In Bulgaria Todd appeared with his wife Allison. They’re a really great couple! Apart from training and fighting Todd, also works. So I asked him what he does in fact. Even though the translation was very detailed I still could understand too little. Todd is a designer of some really complicated devices. Something connected with drills. Upon my word! I have no idea what it’s all about even in Polish (Sorry!).
Ladies looking for a fight. Allison second from right.
Allison, do you often accompany your husband at such events?
Allison Hutchings: Yes, it ensures at least one person will be cheering for him.
How did you like Bulgaria, Sofia and Stara Zagora?
Allison: Bulgaria is full of beautiful, thoughtful people. I especially enjoyed the young performers before the competition who demonstrated the talent of Bulgaria. It was an honor to be there.
Do you get nervous when Todd is fighting?
Allison: Watching the competitors is amazingly exciting. I especially like the format of PAL and the way they present arm fights. Their shows are spectacular. I can't help but cheer and yell and jump to my feet - especially when Todd is having a match.
And now I have a few questions for you Todd. Please tell me if you are satisfied with the second place?
Todd Hutchings: Second place is a mixed blessing. It is an ironic feature of this sport that one can perform better than expectations against the best men in the world and still feel disappointed. I am happy with my performance against Krasimir Kostadinov. Krasi made me very nervous but once the fight started I got comfortable because I pull similar to him, because I copy him. By the third match I felt like I was fighting with my little brother. I have wanted to test myself against Krasimir for a very long time.
I am disheartened and slightly embarrassed about my fight with Arsen Liliev. Leading up to the fight I had received lots of help and advice to prepare for Arsen, I have also pulled him once before. The strength and power were what I expected, but I underestimated his style. He has a technique of locking thumb and finger, no loading, and loose grip. I think it allows him to generate some velocity before “go” so when I launch I not only have to fight his strength, which is extraordinary, but also some additional kinetic energy. Adding momentum to Arsen’s hit, which by itself, is formidable make him supernatural.
Do you think your place could have been better?
Todd: No! I could not have beaten Arsen that day. I can work on fighting his style, and of course I can always get stronger, but it will be months before Arsen has any cause for concern from me.
Who was the toughest competitor?
Todd: Arsen Liliev was as strong as I expected, his technique beat me so easily I wasn’t even working.
Igor Miroshnik was a lot stronger than I expected. Far stronger and faster than last October. In a year or so he’ll probably be beating me up. Krasimir Kostadinov was a brutal competitor, once I was saved by an elbow foul, several times I was seconds away from giving up position when the referee stopped the match or a lucky hit by me paid off. Krasimir is one of the toughest people I have pulled in years, and I train with John Brzenk and other tough guys in Utah.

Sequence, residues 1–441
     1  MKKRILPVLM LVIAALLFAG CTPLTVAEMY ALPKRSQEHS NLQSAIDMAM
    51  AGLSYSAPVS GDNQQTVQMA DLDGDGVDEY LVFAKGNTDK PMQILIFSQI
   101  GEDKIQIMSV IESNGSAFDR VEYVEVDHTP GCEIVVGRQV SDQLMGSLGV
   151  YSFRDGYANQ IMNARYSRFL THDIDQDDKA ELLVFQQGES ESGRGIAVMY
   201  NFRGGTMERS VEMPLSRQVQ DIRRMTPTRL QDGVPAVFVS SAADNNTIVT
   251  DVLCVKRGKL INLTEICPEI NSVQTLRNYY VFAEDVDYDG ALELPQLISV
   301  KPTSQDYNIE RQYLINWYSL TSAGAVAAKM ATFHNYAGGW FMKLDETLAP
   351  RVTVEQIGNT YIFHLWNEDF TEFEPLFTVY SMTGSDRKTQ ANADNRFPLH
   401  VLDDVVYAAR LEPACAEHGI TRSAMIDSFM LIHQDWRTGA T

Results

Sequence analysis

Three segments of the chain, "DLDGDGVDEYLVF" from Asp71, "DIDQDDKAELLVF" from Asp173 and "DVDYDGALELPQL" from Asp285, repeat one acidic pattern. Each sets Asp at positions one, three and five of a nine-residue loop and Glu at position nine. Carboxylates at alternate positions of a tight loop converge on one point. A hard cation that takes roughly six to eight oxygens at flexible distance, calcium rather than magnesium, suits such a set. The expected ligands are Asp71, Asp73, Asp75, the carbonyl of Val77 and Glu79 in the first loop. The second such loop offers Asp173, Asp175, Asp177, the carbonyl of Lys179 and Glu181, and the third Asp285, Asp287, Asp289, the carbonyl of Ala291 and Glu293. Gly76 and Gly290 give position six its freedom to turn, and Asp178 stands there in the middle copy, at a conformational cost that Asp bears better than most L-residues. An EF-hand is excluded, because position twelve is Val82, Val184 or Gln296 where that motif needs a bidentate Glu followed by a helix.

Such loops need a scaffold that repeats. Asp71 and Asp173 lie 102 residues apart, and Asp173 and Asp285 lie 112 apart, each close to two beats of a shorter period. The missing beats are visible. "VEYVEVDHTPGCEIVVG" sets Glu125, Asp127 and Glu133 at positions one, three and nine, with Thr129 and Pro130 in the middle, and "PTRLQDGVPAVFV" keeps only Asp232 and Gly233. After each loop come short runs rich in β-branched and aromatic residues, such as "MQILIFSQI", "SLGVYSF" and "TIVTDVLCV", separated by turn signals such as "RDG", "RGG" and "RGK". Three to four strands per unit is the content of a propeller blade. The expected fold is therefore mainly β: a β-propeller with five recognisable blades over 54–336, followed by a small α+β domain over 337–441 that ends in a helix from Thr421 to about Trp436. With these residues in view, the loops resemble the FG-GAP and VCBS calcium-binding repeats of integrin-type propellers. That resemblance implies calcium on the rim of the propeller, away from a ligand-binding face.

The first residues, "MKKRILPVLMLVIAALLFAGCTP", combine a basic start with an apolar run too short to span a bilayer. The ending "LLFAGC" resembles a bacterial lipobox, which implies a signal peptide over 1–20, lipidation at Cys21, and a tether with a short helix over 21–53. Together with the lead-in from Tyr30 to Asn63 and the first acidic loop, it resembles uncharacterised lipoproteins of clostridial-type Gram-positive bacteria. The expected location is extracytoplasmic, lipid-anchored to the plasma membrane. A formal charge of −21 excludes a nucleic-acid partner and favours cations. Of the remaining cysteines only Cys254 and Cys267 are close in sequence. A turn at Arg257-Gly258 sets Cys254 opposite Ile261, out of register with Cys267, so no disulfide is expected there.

Do you think that fight could have developed differently?
Todd: I think the results are indicative of the relative talents of the fighters.
Do you think you “replaced” John in representing the US?
Todd: No! That is a silly question, no one will ever replace John or come close to duplicating his accomplishments. Those men today who have achieved so much and gone so far have, for at least some part, done so because of what John has accomplished before them. The competitors today have benefitted from John clearing the paths forward years ago. Michael Todd, Jerry Cadorette and Tim Bresnan are probably best suited to represent the USA today. I’m never good at such statements, Engin Terzi would be who I consult for such questions.
Todd, I meant that in Bulgaria you were much better than him. Do you believe John will ever regain his previous form?
Todd: In time, John will heal and be back to his old self.
What are your plans for this season?
Todd: Vendetta! June 29, Las Vegas, Nevada. Khadzimurat Zoloev.
Are you going to come to NEMIROFF?
Todd: I don’t know, I have to ask my coach John Brzenk. He tells me what I’m doing. I initially refused the fight with Stoyan Golemanov. Sometime later I changed my mind and asked John if he would contact PAL to see if they would still set up the fight. John said, “I told them weeks ago you agreed, everything should be set.”
So what are you working on at your trainings now?
Todd: From now till June 28, I train hook. After that I train for super-fast, super-strong, thumb and finger locking, no loading Russian. You never know what the future holds……
Thank you both for this interview and best regards form Poland!
Allison, Todd Hutchings: Best wishes to all readers!